My family don't care about me after my admission of childhood sexual abuse and incest.

    Almost eight years ago to the day, in a situation that's too complicated to explain, I was forced to tell my family about the sexual abuse and incest I experienced as a child. The incestuous element was a very close family member.

    I often fantasised about what might happen if I ever revealed my past. I felt neglected as a child, was abandoned by my mother in my early teens, and brought up by numerous nannies and au pairs who came and went like the wind. I can only really remember one of them clearly. I had at least ten.

    My revelations caused massive shock waves through the family, and respective step family members. I was immediately vilified, disbelieved, told to recount every detail of what happened, and branded a liar.

    What I had always dreamed of happening if I ever revealed my truth, simply cemented my thoughts about my childhood. That I had never been emotionally validated, although I never experienced hardship or poverty in any other ways. My dad actually said "why on earth would you accuse me of any kind of neglect, you had a comfortable home, holidays abroad every year, etc. He was so far away from the point it's almost unbelievable.

    He was so angry about my revelations. Demanding that I did this and that. And when I refused, saying that I was feeling traumatised and extremely vulnerable, he accused me of not having any story to tell.

    At the time that this information came out, I had just received my second diagnosis of recurrent breast cancer. I was told that I was attention seeking. I said that if I was, didn't they think that receiving a diagnosis of recurrent breast cancer would be enough? And how badly they must think of me if they believe I'm sick enough to make up stories like that for attention?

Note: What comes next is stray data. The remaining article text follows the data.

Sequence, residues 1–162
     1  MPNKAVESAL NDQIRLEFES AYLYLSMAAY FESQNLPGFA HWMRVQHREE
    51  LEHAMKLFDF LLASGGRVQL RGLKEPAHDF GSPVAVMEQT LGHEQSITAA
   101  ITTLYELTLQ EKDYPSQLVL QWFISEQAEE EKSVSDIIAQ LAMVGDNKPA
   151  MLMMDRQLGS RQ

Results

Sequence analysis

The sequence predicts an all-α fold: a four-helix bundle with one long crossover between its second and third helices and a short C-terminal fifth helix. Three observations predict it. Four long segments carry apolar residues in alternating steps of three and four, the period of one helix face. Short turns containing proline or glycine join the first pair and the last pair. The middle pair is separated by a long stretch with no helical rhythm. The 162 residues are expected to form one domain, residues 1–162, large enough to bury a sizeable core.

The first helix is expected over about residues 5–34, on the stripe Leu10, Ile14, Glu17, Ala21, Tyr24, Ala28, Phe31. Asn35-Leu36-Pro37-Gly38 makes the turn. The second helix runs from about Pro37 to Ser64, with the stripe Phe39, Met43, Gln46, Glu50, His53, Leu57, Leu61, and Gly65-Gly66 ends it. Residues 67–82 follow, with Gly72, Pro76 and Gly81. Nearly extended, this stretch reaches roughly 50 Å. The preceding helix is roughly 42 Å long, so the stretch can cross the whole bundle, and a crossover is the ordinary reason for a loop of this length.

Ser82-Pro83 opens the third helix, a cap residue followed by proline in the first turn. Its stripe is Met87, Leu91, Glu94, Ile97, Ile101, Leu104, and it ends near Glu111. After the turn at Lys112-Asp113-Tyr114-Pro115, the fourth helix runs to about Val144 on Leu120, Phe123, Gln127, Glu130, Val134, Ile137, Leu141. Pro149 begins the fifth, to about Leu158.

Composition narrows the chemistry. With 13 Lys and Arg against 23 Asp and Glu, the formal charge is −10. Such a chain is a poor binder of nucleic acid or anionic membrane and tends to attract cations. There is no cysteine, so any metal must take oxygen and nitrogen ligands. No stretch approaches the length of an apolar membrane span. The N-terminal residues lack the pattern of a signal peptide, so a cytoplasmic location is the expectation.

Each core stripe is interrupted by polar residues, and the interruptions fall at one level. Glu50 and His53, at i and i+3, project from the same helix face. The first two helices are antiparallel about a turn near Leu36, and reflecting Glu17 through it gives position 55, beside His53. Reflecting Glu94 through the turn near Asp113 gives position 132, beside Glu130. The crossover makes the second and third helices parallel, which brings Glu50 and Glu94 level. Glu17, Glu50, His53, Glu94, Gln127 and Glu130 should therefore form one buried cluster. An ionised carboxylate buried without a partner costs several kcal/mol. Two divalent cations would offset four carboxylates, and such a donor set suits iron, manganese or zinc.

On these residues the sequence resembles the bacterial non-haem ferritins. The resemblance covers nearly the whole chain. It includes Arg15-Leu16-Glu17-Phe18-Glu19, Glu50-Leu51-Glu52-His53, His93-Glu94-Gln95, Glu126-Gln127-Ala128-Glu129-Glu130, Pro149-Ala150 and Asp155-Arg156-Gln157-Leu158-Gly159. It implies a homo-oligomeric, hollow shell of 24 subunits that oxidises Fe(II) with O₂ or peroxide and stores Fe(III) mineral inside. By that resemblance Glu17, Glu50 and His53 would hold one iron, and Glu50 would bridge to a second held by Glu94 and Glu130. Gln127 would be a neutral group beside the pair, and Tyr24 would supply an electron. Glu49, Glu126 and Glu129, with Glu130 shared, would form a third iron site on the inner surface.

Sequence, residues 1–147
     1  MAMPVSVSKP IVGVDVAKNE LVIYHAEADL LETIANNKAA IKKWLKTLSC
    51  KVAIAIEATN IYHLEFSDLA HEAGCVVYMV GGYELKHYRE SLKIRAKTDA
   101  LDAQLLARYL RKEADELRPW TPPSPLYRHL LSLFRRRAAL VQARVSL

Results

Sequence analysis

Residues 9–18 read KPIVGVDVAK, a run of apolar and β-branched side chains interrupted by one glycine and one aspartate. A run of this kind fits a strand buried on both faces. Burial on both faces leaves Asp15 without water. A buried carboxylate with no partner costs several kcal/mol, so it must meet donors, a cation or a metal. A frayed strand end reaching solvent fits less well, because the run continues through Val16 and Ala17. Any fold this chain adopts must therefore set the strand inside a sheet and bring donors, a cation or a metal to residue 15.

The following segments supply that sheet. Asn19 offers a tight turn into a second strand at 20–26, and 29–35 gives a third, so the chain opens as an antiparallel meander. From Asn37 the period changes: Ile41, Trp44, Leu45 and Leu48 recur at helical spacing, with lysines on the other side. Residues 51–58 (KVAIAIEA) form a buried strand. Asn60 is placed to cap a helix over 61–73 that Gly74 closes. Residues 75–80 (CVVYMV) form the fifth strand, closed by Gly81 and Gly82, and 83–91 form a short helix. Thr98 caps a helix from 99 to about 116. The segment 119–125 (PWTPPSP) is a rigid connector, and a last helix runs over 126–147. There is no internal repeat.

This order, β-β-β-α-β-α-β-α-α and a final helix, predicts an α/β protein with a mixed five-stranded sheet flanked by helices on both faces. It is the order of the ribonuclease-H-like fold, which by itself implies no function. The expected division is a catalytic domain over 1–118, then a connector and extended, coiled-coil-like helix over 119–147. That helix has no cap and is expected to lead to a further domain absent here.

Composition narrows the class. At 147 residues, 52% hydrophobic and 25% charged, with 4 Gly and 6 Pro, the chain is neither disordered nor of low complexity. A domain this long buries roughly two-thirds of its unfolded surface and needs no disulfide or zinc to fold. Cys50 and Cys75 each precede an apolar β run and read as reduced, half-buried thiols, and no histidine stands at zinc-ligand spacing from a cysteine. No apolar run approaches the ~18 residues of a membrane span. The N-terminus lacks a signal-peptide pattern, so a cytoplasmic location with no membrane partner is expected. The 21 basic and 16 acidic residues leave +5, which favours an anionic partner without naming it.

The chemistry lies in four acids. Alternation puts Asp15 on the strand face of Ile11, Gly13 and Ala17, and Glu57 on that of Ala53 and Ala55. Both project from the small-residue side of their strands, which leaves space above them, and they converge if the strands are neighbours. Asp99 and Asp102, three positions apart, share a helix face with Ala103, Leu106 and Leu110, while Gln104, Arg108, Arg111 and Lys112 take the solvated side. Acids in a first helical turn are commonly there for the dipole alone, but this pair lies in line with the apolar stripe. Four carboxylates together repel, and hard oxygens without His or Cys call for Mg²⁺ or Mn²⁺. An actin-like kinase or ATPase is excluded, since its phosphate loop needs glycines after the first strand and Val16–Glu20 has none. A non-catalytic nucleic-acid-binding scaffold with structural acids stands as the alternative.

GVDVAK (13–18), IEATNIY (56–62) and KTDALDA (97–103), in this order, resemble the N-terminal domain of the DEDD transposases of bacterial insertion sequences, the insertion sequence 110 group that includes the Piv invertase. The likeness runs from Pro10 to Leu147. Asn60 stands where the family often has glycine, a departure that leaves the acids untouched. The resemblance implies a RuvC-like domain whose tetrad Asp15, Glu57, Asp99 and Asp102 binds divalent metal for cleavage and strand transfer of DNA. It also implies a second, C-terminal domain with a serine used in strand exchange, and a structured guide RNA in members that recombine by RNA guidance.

They told me that I'm mentally unstable, and God knows what goes on in my head. I forgot to mention that a couple of months previous to all of this I had made a serious suicide attempt and been in a women's mental health unit.

    Ironically, if that's the right word, I wished at the time that my cancer had come back because it is so much easier to deal with than my mental health illness.

    My daughter graduated from University on Thursday with a first class honours degree in Applied Psychology. I mentioned to my family that I must be doing something right because she is the most wonderful, well adjusted, caring, generous, kind, funny, beautiful person, and surely some of that must be due to my parenting, as a single parent I might add. They said nothing, and then muttered, obviously about me, after my comment.

    So I realised that because of my disabilities, and reliance on benefits, they might be thinking that they played more of a role in her getting her degree than I did. So I left a message on Facebook, for everyone to see, thanking them for all their support and said that she/ we couldn't have done it without them. Nothing. My dad brought Ella back from her uni house the other day, he barely stayed more than 5 minutes after unloading her stuff. He didn't even ask me how I was.

    I feel abandoned all over again. Except this time it hurts more. The family member in question denied everything and has told everyone I'm insane. Goodness knows what effect this could have on my daughter. When everything came out, she was going to a festival. She came back with drug induced psychosis.

    What should I do, where do I turn to for help? Just talking to someone who has had a similar experience would be a great comfort. Thanks

    6 people are talking about this
    The Mighty Staff

    The Mighty's HER2-Positive Metastatic Breast Cancer Condition Guide